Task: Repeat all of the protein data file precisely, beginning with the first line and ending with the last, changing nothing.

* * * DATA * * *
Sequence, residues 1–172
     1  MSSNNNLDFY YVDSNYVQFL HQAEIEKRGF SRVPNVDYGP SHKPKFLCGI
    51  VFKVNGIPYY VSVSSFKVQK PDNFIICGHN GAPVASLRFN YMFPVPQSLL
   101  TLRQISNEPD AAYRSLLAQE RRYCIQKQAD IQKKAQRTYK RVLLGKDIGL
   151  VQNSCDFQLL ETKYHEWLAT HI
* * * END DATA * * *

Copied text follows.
Sequence, residues 1–172
     1  MSSNNNLDFY YVDSNYVQFL HQAEIEKRGF SRVPNVDYGP SHKPKFLCGI
    51  VFKVNGIPYY VSVSSFKVQK PDNFIICGHN GAPVASLRFN YMFPVPQSLL
   101  TLRQISNEPD AAYRSLLAQE RRYCIQKQAD IQKKAQRTYK RVLLGKDIGL
   151  VQNSCDFQLL ETKYHEWLAT HI